Handling Multiple Error Types

Provide code examples for differentiating and handling various error types (e.g., network vs API errors) within QueryErrorResetBoundary, using the error object returned by useQuery.
const { data, error } = useQuery(['fetchData'], fetchDataFunction, {
  // Enabling error propagation to the Error Boundary
  useErrorBoundary: (error) => {
    // Network errors
    if (!error.response) return true;
    // Specific API error status codes
    return error.response.status >= 500;
This code snippet is from a component using React Query's useQuery hook to fetch some data. It specifies that network errors (errors without a response property) and server errors (status code 500 and above) should be propagated to an Error Boundary, while other errors (like client-side errors, status code 400-499) can be handled within the component itself.
  {({ reset }) => (
      fallbackRender={({ error, resetErrorBoundary }) => {
        // Custom rendering based on error type
        let errorMessage = 'Something went wrong';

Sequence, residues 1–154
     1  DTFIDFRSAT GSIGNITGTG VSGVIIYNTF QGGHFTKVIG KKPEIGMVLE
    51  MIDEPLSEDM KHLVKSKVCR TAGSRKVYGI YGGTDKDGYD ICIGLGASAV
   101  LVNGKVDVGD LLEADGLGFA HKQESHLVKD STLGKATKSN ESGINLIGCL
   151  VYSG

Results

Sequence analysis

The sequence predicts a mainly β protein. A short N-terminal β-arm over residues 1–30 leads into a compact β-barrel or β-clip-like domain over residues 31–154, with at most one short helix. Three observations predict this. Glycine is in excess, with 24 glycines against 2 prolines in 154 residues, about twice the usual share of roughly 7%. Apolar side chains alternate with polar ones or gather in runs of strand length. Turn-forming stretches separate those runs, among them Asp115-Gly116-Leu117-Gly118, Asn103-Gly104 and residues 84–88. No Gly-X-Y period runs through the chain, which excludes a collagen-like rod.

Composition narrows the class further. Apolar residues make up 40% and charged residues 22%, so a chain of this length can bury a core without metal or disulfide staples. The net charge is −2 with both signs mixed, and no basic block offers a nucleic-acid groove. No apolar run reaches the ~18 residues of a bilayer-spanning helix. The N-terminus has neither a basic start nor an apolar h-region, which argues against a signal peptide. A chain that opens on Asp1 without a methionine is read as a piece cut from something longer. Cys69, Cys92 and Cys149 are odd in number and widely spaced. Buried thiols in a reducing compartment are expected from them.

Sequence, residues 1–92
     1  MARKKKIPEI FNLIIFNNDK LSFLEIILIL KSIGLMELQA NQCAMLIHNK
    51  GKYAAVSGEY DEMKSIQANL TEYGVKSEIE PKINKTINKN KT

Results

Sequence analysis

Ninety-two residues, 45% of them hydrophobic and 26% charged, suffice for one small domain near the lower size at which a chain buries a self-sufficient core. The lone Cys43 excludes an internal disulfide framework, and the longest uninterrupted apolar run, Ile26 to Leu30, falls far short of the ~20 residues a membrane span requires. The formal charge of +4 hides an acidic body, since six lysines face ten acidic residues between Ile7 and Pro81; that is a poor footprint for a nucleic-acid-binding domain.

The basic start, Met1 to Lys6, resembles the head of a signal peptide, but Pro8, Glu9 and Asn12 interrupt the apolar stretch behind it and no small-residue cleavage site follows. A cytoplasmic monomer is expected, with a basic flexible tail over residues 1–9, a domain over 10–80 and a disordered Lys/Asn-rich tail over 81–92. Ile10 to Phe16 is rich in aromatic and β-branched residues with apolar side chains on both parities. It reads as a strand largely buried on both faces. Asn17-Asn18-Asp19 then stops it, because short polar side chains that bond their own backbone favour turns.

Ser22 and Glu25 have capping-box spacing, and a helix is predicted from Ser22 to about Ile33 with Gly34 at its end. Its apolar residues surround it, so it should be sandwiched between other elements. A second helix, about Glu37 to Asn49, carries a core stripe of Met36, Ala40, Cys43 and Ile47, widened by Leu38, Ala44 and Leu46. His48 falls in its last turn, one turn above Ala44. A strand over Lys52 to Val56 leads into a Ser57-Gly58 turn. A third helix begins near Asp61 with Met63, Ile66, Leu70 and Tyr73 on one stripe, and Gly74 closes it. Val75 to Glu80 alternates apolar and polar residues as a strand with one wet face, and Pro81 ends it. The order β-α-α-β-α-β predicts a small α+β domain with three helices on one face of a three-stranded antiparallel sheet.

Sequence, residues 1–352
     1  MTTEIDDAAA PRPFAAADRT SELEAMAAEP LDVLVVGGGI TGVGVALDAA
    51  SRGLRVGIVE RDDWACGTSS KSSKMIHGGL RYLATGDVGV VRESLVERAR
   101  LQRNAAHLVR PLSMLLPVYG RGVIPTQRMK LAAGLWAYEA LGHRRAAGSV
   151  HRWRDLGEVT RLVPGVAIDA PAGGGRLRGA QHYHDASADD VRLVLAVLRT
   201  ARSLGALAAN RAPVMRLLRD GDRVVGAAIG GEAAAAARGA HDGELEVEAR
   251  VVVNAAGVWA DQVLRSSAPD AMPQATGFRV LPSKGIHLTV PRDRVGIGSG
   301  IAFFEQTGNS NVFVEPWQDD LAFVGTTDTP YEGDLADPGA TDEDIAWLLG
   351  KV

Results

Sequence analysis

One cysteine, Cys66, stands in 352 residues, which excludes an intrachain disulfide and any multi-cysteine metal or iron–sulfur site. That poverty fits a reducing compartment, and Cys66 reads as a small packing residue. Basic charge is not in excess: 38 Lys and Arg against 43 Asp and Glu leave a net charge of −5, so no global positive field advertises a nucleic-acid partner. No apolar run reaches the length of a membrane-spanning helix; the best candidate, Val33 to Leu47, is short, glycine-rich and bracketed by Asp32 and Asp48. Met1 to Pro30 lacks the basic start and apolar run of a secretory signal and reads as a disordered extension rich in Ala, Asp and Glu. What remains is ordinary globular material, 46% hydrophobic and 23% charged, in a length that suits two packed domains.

if (!error.response) errorMessage = 'Network error, please try again';
        else if (error.response.status === 404) errorMessage = 'Data not found';

        return (
            <button onClick={() => resetErrorBoundary()}>Try Again</button>
      <YourComponent />
This code block wraps a component within QueryErrorResetBoundary and an ErrorBoundary. It customizes the fallback component based on the type of error received. For network errors (no response object), it displays a 'Network error' message. For 404 errors, it specifies 'Data not found'. For all other errors, it defaults to 'Something went wrong'. This provides a more user-friendly error feedback depending on the error encountered.